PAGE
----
The 2021 Arizona Diamondbacks will enter the season with what I will call a virtual copy and paste of the same rotation that they finished last season with. This time around, the 2021 Arizona Diamondbacks will look for much better results than the combined rotation ERA of 5.04 and FIP and an xFIP both near 5.00.
The projected rotation for the 2021 Arizona Diamondbacks will loo as followed come opening day barring any major changes:
2021 Arizona Diamondbacks: A Floor And A Ceiling
The Diamondbacks rotation last year was awful to say the least. The Madison Bumgarner signing initially looked like a big boost, but the 2020 numbers didn’t prove that by any means.
Despite the disappointment in 2020, this 2021 Arizona Diamondbacks rotation has plenty of potentials. Can they be a top-five rotation? No. Top 10? Probably not, but this rotation has the upside to be a middle of the pack rotation and people shouldn’t just expect this rotation to be as bad as it was in 2020.
Starting with the obvious number one for the 2021 Arizona Diamondbacks is Zac Gallen.
|2019 (As a Diamondback)||2.89||3.65||3.89|
Since joining the Diamondbacks midway through 2019, Gallen has improved upon his control. Gallen has decreased his BB/9 since joining the Diamondbacks down from the 4.46 walks per nine innings as a Marlin (Yes, small sample size, only 36 innings). That number dropped to 3.71 in his 43 innings in Arizona in 2019. In 2020, he lowered the number again down to 3.13 walks per nine innings.
A part of Gallen’s game that shines is his ability to produce a career 28.5% strikeout rate, suitable for a K/9 of 10.54 in his short career. His ability to draw swing and misses ranked him in the 75th percentile in 2019 and 2020. Even if his strikeout rate plateaus where it is now, It won’t have much of an effect on his long term upside as a possible top of the rotation arm.
The 2021 Arizona Diamondbacks will look for a bounce back from last off seasons “big fish”. Bumgarner in 2020 was disappointing, to say the least. Coming into 2020, before a game was even played, Bumgarner was down three mph on his pitches, and that showed to be a massive blow to his game.
In 2020 Bumgarner pitched in 41.2 innings over nine starts for the Diamondbacks. Bumgarner had an uninspiring 6.48 ERA with a FIP of 7.18, and xFIP of 5.85. In 2020, Bumgarner set a career-low strikeout rate at 15.8% with a K/9 of 6.48, his lowest since 2010.
Much of the inflated ERA numbers will come from his 2.81 home runs allowed per nine innings last season; that number is double the 1.38 HR/9 set in 2017. Bumgarner’s HR/FB (home run/fly ball ratio) was evidence of his decreased velocity; his HR/FB ratio rose 9.4% from the previous year and might not entirely be where it was if the velocity doesn’t come back even just a few ticks. The 2021 Arizona Diamondbacks will look for the lefty hurler to come close to form and be a solid innings-eater for the team.
Entering his first full season in the desert, Caleb Smith offers a profile similar to Robbie Ray‘s likes. In his time as a Miami Marlin, Smith showed off intriguing strikeout abilities while operating as a heavy fly ball pitcher.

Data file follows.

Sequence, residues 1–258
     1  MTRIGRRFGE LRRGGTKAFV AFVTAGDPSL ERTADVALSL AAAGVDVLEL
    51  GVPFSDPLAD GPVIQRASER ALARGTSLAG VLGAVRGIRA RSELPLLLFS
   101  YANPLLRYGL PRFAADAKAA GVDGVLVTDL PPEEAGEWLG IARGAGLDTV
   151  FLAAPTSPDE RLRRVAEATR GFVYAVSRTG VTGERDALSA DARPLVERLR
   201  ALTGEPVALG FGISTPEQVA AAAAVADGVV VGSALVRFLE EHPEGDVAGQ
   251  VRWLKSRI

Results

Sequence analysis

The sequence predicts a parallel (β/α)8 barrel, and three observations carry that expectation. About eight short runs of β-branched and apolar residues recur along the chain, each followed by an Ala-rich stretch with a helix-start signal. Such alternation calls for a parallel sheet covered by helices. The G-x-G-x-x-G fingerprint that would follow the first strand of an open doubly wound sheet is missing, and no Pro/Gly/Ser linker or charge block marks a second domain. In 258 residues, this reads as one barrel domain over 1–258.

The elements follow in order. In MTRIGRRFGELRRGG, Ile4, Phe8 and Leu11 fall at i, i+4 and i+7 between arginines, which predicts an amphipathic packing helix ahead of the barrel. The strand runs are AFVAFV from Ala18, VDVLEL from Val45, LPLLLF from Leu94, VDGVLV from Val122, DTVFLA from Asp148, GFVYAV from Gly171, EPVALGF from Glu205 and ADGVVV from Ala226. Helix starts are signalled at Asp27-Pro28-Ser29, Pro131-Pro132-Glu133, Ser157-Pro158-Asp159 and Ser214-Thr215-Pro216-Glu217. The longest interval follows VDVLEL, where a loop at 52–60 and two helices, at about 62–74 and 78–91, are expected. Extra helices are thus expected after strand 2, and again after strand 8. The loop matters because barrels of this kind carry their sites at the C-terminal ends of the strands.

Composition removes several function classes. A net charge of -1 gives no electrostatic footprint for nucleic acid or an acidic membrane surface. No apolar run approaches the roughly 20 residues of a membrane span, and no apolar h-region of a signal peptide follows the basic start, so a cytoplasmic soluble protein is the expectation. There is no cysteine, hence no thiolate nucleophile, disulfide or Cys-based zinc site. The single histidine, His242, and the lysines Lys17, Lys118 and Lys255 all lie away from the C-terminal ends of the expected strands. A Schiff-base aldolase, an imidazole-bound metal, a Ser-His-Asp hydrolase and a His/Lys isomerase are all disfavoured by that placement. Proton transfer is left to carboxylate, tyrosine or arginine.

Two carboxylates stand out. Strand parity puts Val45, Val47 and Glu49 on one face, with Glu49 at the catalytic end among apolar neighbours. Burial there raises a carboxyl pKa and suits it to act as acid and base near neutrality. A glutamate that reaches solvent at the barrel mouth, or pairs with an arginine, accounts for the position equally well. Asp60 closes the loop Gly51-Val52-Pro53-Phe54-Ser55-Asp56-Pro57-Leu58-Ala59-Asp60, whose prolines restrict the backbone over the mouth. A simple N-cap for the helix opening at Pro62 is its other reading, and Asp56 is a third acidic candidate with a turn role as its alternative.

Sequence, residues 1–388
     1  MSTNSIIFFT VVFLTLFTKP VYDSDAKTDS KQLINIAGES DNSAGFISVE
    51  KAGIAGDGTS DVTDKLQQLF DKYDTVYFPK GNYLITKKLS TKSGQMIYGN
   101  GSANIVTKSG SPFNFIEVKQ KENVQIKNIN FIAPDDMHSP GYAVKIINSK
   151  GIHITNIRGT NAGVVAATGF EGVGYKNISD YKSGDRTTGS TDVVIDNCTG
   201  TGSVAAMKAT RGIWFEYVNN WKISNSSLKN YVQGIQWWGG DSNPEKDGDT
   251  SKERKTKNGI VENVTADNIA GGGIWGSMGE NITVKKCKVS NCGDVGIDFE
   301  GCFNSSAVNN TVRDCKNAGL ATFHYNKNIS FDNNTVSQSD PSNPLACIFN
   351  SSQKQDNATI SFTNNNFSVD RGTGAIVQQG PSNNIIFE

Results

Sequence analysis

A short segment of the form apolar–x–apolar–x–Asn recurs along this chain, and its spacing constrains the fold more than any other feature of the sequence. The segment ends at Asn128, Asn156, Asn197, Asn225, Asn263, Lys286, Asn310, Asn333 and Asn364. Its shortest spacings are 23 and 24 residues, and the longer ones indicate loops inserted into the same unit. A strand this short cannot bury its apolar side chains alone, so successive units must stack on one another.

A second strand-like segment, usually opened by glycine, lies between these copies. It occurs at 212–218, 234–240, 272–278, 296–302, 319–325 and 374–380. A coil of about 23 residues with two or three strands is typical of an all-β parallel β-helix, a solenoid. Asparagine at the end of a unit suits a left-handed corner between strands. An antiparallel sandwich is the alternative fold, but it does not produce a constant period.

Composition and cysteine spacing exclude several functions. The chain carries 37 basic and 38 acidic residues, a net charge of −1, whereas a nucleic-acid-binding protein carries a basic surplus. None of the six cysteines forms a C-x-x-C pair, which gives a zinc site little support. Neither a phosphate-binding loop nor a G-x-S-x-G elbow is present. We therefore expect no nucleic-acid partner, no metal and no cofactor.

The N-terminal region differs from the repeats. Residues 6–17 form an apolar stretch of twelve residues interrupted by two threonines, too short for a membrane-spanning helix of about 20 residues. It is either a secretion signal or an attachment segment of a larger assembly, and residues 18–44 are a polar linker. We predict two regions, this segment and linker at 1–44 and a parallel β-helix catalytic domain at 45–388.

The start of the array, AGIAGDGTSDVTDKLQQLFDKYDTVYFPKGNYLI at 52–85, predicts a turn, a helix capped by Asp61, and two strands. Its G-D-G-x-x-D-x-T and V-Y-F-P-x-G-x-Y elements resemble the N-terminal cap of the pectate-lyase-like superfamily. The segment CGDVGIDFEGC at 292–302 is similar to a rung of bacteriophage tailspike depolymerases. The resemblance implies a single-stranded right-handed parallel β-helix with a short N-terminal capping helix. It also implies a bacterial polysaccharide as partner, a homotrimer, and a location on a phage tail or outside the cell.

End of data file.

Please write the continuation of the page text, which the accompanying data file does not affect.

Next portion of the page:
The biggest hole in his game is arguably the high fly ball rates and the quality of the batted balls he is giving up. Caleb Smith has a career 51.8% fly-ball rate and a career 14% HR/FB rate in his career.
The 2021 Arizona Diamondbacks will look to help smith re-discover the form he was in during his impressive 2018 campaign. In 2018, Smith threw only 77.1 innings over 17 starts. In that half-season sample size, Smith had an impressive 27% strikeout rate to go with a 4.19 ERA and a 3.96 FIP.
Luke Weaver was an interesting player to monitor from the Paul Goldschmidt blockbuster deal. In his first season in the Diamondbacks organization, Weaver would be shut down midway through the year that would ultimately end his year.
Prior to the shutdown, Weaver was looking like a huge gain for the Arizona Diamondbacks. In 64.1 innings over 12 starts, Weaver held an impressive 2.91 ERA along with a FIP of 3.07 and an xFIP of 3.89. In those innings, Weaver had an impressive 5.4% walk rate compared to his 26.5% strikeout rate.
The 2020 season for Weaver like a lot of players was an utter disaster. Weaver would throw 52 innings in 12 starts and would post a 6.58 ERA to go with having a FIP/xFIP north of 4.50.
Weaver will enter the 2021 Arizona Diamondbacks season looking to improve upon his control. In 2020 Weavers walk percentage increased slightly, up to 7.6% from 5.4%. Weaver had a .362 wOBA last season, and compared to his xwOBA of .316, which isn’t too great of a number either, Weaver looks like a decent bounce-back candidate given the unluckiness of home-runs allowed last season.
Merrill Kelly isn’t going to blow you away; he is who he is. Since returning to MLB after a brief stay in the KBO, Kelly has put together two quality seasons in the desert. In his two seasons in Arizona, Kelly has shown the ability to be a solid back end of the rotation starter.
Kelly has a major lack of drawing swing and miss from opponents. Merrill Kelly is a pitch to contact pitcher and in 2020 lowered his walk percentage from 7.3% down to just 4% in 2020 that would rank him in the 95th percentile among qualified pitchers.
Merrill Kelly will look to be the 2021 Arizona Diamondbacks fifth starter, but if injuries or if the wheels all fall off. The Diamondbacks could look to other names to fill in holes or for spot starts. This Diamondbacks rotation is by no means amazing, but this rotation has the ability to be a middle of the pack rotation.
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Main image credit: Embed from Getty Images